You can tell your wife that although you’re deeply hurt, you’re willing to learn from her where you may have failed the marriage. Ask for reconciliation, but recognize that she might not respond positively at first.
Explain why you believe there is hope for your marriage and the steps you’re willing to take to improve the relationship. Share with your wife that you value the marriage so deeply you’re willing to go for counseling. You can’t force her to agree to reconciliation, but you can encourage the decision and you can pray.
One consideration: I’ve observed that people having an affair often ease their conscience by saying, “I don’t love you anymore” or “I’m just not happy,” rather than saying, “I’m leaving you for someone new.” If your wife is having either an emotional or physical affair, you’ll need to see a counselor.
My husband left, and I can’t afford our huge house. My friends tell me to sell it, but I’m afraid that will destroy any chances of restoring our marriage. Won’t selling the house communicate to my husband that I’ve given up?
It’s normal to assume losing the home you shared will end any hope of restoring the marriage, but it’s unfounded. View the sale as a good thing. If finances were an issue in the separation, then downsizing might relieve one stress factor. Remember, reconciling doesn’t mean going back to the way things were; it means starting fresh.
I had a yearlong affair. I’ve asked my wife to forgive me, but she says she can’t ever trust me again. Is there a way to get my wife back?
The cliché “actions speak louder than words” is true. Words aren’t enough to prove your repentance. For there to be hope, your wife will need to see over a period of time that you’re a changed man.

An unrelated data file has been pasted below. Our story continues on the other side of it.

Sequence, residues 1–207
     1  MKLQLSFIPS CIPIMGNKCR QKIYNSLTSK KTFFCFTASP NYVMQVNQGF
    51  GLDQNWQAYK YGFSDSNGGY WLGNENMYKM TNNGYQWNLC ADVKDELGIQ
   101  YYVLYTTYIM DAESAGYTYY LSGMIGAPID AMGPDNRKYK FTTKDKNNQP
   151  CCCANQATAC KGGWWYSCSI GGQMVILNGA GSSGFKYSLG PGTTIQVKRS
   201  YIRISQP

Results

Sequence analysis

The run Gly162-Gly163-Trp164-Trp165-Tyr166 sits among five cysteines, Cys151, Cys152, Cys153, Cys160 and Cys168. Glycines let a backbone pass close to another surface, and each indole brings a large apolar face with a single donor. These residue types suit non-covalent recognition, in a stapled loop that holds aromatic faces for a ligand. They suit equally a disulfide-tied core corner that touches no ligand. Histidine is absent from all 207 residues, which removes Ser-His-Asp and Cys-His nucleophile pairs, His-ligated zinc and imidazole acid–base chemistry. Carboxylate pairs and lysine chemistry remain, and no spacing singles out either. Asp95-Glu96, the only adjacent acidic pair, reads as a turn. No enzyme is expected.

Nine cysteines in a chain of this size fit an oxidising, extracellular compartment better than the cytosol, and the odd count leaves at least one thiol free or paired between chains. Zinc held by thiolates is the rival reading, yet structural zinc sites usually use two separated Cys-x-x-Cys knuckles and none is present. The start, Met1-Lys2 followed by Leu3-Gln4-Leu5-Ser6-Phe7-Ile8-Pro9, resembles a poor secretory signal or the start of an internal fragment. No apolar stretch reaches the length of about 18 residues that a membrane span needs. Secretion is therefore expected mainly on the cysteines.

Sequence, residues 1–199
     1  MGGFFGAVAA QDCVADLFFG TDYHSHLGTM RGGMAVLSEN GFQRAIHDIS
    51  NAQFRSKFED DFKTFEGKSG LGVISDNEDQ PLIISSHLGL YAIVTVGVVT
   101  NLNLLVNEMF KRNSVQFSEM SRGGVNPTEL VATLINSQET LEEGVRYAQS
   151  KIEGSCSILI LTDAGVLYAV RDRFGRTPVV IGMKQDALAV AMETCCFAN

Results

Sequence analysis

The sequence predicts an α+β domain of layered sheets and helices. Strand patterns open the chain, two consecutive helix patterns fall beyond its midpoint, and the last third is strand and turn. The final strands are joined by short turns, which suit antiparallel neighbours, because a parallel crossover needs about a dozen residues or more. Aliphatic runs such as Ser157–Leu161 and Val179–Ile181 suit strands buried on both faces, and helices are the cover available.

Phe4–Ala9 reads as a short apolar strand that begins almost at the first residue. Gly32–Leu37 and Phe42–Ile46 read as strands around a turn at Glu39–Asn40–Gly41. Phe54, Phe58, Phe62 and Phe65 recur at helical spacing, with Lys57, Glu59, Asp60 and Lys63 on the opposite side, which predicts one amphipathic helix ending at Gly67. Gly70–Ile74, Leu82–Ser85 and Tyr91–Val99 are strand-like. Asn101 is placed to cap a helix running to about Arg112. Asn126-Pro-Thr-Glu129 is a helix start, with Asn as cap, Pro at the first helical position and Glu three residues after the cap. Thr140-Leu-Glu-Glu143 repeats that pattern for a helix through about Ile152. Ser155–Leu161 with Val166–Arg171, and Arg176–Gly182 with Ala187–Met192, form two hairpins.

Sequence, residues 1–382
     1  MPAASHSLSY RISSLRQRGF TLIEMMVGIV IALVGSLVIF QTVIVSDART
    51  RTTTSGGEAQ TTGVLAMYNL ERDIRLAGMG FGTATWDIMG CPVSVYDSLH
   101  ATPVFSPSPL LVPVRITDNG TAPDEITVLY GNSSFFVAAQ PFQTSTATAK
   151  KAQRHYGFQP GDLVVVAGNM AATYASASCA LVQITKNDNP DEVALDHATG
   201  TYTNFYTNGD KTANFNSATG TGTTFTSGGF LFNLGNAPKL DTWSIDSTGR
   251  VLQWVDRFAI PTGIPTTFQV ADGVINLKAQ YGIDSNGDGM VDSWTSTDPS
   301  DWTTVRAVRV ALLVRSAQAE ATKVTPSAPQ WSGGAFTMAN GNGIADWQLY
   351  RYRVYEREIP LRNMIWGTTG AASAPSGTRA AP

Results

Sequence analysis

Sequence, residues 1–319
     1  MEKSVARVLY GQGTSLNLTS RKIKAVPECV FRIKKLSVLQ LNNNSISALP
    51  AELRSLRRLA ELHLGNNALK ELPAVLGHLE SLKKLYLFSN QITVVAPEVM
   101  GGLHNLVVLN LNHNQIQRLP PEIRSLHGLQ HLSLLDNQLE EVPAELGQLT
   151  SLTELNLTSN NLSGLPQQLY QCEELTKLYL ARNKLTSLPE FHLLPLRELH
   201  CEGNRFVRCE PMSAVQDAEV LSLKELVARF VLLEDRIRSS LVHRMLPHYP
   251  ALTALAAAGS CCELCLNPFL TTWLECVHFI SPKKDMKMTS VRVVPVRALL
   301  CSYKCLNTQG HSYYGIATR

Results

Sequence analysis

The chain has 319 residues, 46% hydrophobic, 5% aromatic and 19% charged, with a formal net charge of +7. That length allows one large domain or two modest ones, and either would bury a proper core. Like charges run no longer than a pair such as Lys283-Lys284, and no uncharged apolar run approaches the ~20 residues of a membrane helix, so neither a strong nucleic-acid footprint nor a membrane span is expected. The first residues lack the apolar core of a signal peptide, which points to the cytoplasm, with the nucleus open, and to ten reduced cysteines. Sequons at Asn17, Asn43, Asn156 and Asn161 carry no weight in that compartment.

Communicate your sincerity by doing the following:
- Get counseling even if she won’t go with you. Find out why you had an affair—it’s crucial for healing.
- Get into a Christian men’s accountability group.
- Read books such as The Man in the Mirror by Patrick Morley, which address men’s issues.
- Practice humility. Don’t demand, manipulate, or try to control your wife’s actions or feelings.
- Admit that you’ve demonstrated that you’re untrustworthy. Mention concrete ways—such as meeting with the pastor, giving her access to your e-mail, and not traveling alone—in which you’re willing to be held accountable so that trust can be rebuilt. Let your wife make suggestions, too.
- Pray for God to soften her heart.
If you do divorce, remain faithful to your marriage covenant and continue to pray for restoration. If your wife remarries, then there is nothing more you can do.
My friends tell me I need to forgive my ex-husband, but I don’t think I need to until he asks to be forgiven. He deserves to suffer for what he did to me. Why should I forgive him when he has never admitted he was wrong?
Forgiveness isn’t a fun process, but if you want to mend, it’s vital. “For if you forgive men when they sin against you, your heavenly Father will also forgive you. But if you do not forgive men their sins, your Father will not forgive your sins” (Matt. 6:14-15). Notice God says nothing about waiting until you feel like forgiving or that you only have to grant forgiveness if the person asks for it. God expects you to take the first step, beginning with a willing heart.
The ability to pardon another person comes from God, not your own strength. He will help you. Your role is to surrender and desire His way above your own. This may take time, especially if the offenses were severe. Walk toward forgiveness—the initial step is the hardest.
Adapted from When Your Marriage Dies: Answers to Questions About Separation and Divorce by Laura Petherbridge. Published by Cook Communications Ministries, Colorado Springs, Colo. Copyright © 2005 by Laura Petherbridge. Used with permission.